As you know I spent most of last week away from Gluten Free and the City and the United States. I was in Budapest for a big work meeting. Budapest is a lovely city, and this past trip was my third time there. Memories of previous trips to the city (which is really two cities Buda and Pest, joined by many bridges over the Danube River) are dominated by herding adults to various locations, puzzling over the spelling and pronunciation of Hungarian words, and enjoying hearty Hungarian food. This past trip was sure to include the first two items, but I wasn’t so sure about the third. This past trip was my first time in Budapest gluten-free.
Traveling abroad gluten-free is a challenge. Speaking the language is a serious benefit, but even then, trying to explain celiac disease and gluten in my native tongue can be difficult. I do not speak Hungarian, and I bet that most gluten-free travelers are also not armed with that tool. So because you will probably not be able to eloquently articulate your gluten intolerance and why it is important that your salad not be prepared in the same bowl as the one with croutons, you must arm yourself with a couple of other tools.
Knowledge of the Cuisine
Having been to Budapest before, I am familiar with the food. It is hearty, meaty, starchy, and has all the potential to be contaminated with gluten. Since I was at a large meeting, all our meals were buffets and I didn’t really have the option of grilling the waiter anyway. I avoided anything that looked like it could have gluten. Sadly, this meant I didn’t enjoy the goulash, any sauce dishes, and rarely a dessert. I did have a mix up once though, where I thought what was actually gnocchi was rice. I luckily asked a native Hungarian before I ate any, but it was on my plate. I stuck to salads and simple meats. Knowledge of the cuisine is especially important when traveling to China or Hong Kong, since pretty much every dish is seasoned with soy sauce, which is wheat based.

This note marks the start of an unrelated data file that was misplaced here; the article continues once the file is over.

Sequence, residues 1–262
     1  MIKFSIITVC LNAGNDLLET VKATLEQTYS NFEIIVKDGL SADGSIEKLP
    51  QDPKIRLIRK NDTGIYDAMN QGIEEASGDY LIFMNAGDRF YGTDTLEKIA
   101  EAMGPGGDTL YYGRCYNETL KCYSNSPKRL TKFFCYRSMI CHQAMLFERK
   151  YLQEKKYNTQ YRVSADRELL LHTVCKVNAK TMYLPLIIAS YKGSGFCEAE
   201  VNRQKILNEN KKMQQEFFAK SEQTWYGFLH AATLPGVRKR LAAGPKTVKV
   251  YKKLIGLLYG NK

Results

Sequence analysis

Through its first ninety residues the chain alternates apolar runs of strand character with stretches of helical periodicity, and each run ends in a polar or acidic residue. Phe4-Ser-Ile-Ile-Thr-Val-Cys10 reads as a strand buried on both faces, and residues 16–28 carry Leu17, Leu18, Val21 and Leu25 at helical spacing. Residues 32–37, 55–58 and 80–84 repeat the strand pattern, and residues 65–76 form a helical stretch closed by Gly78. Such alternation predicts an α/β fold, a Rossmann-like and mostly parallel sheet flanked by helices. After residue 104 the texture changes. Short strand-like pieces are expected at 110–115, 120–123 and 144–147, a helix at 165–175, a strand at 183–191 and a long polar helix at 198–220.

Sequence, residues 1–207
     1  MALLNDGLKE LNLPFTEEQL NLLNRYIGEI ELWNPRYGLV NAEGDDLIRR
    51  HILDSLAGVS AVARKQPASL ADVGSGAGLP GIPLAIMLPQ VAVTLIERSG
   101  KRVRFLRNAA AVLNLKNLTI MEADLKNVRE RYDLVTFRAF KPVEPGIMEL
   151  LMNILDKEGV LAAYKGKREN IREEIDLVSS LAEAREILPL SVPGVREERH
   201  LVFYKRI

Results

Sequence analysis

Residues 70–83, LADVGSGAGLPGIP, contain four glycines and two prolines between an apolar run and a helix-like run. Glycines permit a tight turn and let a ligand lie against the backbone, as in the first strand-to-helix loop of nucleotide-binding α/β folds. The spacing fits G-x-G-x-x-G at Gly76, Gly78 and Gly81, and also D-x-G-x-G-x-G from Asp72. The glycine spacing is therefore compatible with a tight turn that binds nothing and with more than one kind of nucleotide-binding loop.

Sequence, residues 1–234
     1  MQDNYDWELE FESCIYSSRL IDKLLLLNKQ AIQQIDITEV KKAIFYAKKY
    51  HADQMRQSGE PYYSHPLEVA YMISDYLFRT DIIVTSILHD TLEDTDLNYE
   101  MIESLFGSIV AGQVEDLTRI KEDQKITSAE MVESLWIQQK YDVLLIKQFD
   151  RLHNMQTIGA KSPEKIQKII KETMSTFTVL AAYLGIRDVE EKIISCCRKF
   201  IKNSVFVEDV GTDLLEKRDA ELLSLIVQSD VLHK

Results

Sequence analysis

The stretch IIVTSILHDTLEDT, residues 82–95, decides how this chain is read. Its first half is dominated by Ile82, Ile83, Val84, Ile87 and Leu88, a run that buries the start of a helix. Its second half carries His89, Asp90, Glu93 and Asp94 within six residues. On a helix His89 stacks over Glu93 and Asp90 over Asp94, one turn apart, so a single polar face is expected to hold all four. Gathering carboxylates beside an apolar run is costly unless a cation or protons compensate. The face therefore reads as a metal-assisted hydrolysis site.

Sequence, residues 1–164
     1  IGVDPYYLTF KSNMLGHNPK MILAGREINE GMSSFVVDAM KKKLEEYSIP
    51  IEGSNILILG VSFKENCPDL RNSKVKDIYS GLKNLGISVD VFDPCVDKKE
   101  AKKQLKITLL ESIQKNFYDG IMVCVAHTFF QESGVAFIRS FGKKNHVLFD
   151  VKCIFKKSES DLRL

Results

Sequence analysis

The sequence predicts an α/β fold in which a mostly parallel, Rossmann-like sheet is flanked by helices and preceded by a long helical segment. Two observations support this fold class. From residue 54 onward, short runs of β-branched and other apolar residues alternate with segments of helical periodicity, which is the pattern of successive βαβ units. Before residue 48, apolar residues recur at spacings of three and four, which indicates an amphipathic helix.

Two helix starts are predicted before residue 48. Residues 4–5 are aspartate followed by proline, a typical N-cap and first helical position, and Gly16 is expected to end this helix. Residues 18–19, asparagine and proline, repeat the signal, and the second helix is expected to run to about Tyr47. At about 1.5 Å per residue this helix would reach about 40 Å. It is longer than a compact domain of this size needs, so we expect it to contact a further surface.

Since one of the joys of travel is tasting the cuisines of different cultures, you’ll probably want to sample as much of the local food as you can. At least, I do. In this case, do your homework and research potential gluten-free restaurants or grocery stores where they carry gluten-free items. I’ve heard rumors that European countries are more gluten-free friendly than the US and it is possible you’ll find some great GF restaurants or reliable GF shops that you would not have found otherwise. You can also do research on gluten-free brands worldwide. Also, if you have your heart set on going to some great restaurant that isn’t gluten-free, contact the establishment. Most likely, someone there speaks some English and can help you out. It is better to prepare the restaurant for your arrival then to spring your dietary restrictions on them (especially true for set menus).
Know the Terms
Learn how to say gluten-free in whatever language is spoken where you are going. If that isn’t a popular phrase or saying, learn how to say wheat, barley, spelt, rye, and the most common gluten-containing items like flour, pasta, and bread. You can use these phrases in your email or phone call to the restaurant. A great service that does this for you is Select Wisely. They provide information cards that explain your allergy/intolerance in many different languages. This should ensure that you can dine free of gluten.
Worst case scenario is that that the cuisine is gluten abundant and your research has failed to provide an alternative. This is super unlikely. Most likely, you’ll be sick of eating salad all day and not enjoying dessert with your travel companions. Because this is likely to happen unless the cuisine is amazingly gluten-free friendly, you should have some snacks on hand to satiate your cravings. This is especially important on long plane rides. I request gluten-free meals, but sometimes they are really pathetic and sometimes gross. I bring Larabars and trail mix on my plane rides, and usually this does the trick.
Traveling to Budapest gluten-free was actually quite successful overall. Despite eating only yogurt, fruit, plain meats and salad, that was really all I craved since it was quite hot and humid there. There were some gluten-free victories: ice cream and chocolate mousse for dessert instead of pastries; and mishaps: a waiter not understanding English at all and ending up with a wrong but thankfully gluten-free order (the same waiter misunderstood my order or lemonade and instead I got Grand Marnier!).
I’m off to Austria in a week for a much needed vacation with the boyfriend and his family (read: mom, sisters, and sisters’ significant others) and I’ve just requested my gluten-free meal on Air Berlin. I’ll let you know how it goes!
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